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Themes are the fundamental and often universal ideas explored in a literary work.
The fear of death lies at the center of White Noise. As Babette notes when she confesses her fear to Jack, “What is more underlying than death?” Everything in the novel—from Hitler to the supermarket, from the airborne toxic event to the white noise of the novel’s title—circles back to human beings’ primal, deep-seated fear of dying. DeLillo’s novel details how modern life attempts to push this fear out of sight, and yet, as in the character of Jack Gladney, the fear continues to resurface and fill us with dread.
Different characters in the novel approach death in different, often contradictory ways. Jack approaches it with terror. Heinrich faces death dispassionately and analytically. Murray sees death all around him and remains continually fascinated and engaged by it. Winnie Richards notes that death adds texture to life, while Jack and Babette would give anything to avoid it. Jack and Babette speculate that death might be nothing more than an eternal hum of white noise: detached bits of data, garbled gibberish, and meaningless sounds, all vibrating at an equal frequency so that nothing in particular stands out and everything remains potentially significant. However, this description could also apply to Jack’s life and to White Noise in general. While there is a general plotline in the novel, the bulk of the book is comprised of digressions, tangential conversations, and snippets of overheard machines and broadcasts. Though DeLillo avoids drawing any distinct conclusions himself, preferring to leave the novel in an open state, this close relationship between life, death, and white noise might mean that death lingers menacingly in the background of our lives, or it might mean that death, as an inextricable part of life, represents something we shouldn’t be afraid of. Both attitudes seem supported by the novel, which presents white noise—and the stronger, yet more elusive strain of sound that people like Murray and Jack detect behind that white noise—as simultaneously a thing of dread and of intangible transcendence.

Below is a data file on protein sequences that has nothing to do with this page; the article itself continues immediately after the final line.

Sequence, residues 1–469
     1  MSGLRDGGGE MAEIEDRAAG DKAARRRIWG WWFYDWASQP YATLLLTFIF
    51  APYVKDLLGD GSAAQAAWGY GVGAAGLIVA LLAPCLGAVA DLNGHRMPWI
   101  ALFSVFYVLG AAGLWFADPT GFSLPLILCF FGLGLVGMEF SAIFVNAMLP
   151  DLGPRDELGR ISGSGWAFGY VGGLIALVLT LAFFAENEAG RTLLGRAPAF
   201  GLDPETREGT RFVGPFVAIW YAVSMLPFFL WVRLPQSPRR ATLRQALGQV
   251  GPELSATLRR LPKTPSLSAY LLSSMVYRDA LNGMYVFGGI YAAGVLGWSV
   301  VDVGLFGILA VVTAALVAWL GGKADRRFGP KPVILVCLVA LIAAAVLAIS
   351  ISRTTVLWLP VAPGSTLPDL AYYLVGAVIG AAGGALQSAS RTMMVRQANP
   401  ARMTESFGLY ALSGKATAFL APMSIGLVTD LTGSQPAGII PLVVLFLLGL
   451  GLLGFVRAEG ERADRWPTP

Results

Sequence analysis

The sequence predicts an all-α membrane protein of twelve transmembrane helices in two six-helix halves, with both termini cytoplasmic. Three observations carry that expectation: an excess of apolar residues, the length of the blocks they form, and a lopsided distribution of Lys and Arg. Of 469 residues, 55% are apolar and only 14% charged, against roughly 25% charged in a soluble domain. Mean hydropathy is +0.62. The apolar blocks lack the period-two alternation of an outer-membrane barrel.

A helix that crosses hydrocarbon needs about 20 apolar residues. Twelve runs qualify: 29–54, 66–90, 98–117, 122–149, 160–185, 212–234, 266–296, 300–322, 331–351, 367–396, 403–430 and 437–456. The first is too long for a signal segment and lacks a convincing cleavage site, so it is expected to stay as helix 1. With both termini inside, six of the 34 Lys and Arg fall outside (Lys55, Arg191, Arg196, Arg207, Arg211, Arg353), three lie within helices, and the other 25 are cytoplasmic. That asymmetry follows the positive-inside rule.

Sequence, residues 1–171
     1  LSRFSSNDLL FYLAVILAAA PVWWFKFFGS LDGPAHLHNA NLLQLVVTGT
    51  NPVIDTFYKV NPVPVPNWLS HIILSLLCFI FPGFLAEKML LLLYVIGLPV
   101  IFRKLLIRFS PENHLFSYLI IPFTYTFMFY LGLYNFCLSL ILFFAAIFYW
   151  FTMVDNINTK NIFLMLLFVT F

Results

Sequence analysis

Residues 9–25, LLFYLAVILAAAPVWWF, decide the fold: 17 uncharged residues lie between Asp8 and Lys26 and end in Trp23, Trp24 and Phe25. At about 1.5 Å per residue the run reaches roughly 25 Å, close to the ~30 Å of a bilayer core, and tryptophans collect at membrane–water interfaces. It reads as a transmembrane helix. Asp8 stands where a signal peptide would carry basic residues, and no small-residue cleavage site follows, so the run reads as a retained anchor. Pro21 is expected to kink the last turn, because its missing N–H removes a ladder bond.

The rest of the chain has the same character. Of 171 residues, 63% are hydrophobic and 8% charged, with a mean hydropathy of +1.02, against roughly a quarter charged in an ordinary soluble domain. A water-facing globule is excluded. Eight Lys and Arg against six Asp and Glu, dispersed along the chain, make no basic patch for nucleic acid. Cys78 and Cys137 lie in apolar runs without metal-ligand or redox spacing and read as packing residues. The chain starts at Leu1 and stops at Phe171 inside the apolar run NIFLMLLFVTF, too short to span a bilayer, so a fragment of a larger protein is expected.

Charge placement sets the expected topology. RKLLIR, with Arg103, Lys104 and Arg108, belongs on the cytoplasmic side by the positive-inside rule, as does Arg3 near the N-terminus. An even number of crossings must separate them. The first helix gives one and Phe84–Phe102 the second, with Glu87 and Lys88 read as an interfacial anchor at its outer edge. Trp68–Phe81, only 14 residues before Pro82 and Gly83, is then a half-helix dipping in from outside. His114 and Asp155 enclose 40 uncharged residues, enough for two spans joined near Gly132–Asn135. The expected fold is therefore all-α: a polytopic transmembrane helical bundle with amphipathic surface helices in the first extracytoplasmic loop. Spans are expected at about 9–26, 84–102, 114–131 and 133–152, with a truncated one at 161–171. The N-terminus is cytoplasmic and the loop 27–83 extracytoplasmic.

Throughout White Noise, the authentic and the artificial often blur together, and substance seems interchangeable with surface. This confusion between appearance and reality represents an essential part of Jack’s own existence. Although Jack has created a venerable, professorial persona for himself, he remains painfully aware of the total fabrication of this character. Aided by the distinguished outfits and the weighty-sounding professional name, Jack manages to hide the fact that he lacks the ability to speak German, a seemingly basic skill for the field of Hitler studies. Jack is driven to learn the language only when an academic conference threatens to expose his lie—not in order to study his subject more deeply. Jack, in turn, is only invested in Hitler as a surface entity and seems more preoccupied with the cultural myths surrounding Hitler than in the historical facts about the man. Jack relies on Hitler’s larger, more powerful persona to bolster his own fragile sense of self-worth and self-identity, capitalizing on Hitler’s surface to build up his own.
Jack feels inadequate because, in his mind, artifice is inherently inferior to reality. However, other moments in the novel contradict this position. When Murray and Jack visit the Most Photographed Barn in America, for example, Murray argues that the barn itself isn’t intrinsically significant. Rather, the fact that countless tourists have come to visit the location gives the site meaning and value. Each time a tourist comes to admire this essentially empty and meaningless structure, he or she adds to the psychic energy surrounding the barn. The barn becomes relevant because many people have invested in the image of the barn. In Murray’s opinion, no genuine difference between surface and substance exists.
At the same time, DeLillo satirizes postmodern human beings’ inability to discern the genuine from the fabricated. The SIMUVAC, or Simulated Evacuation, is perhaps the most extreme example of the tension between what is real and what is artificial. For SIMUVAC, real events, such as the airborne toxic event—which was itself caused by a derivative of an original chemical—are used to prepare for later simulations, and later simulations are used to prepare for other simulations. In this environment, where technology allows for endless duplication, it becomes increasingly difficult to ascertain where reality ends and replication begins.
In White Noise, the pervasive presence of technology proves both menacing and comforting. Throughout the novel, in counterpoint to the human babble of Jack’s friends, family, and neighbors, modern technology asserts itself through the humming of machines and the constant stream of media sounds and images. Technology has become as much a part of the texture of daily of life as humans are themselves. In fact, the two seem inextricable, as DeLillo’s narrative weaves seamlessly between human and mechanical voices.
More main ideas from White Noise
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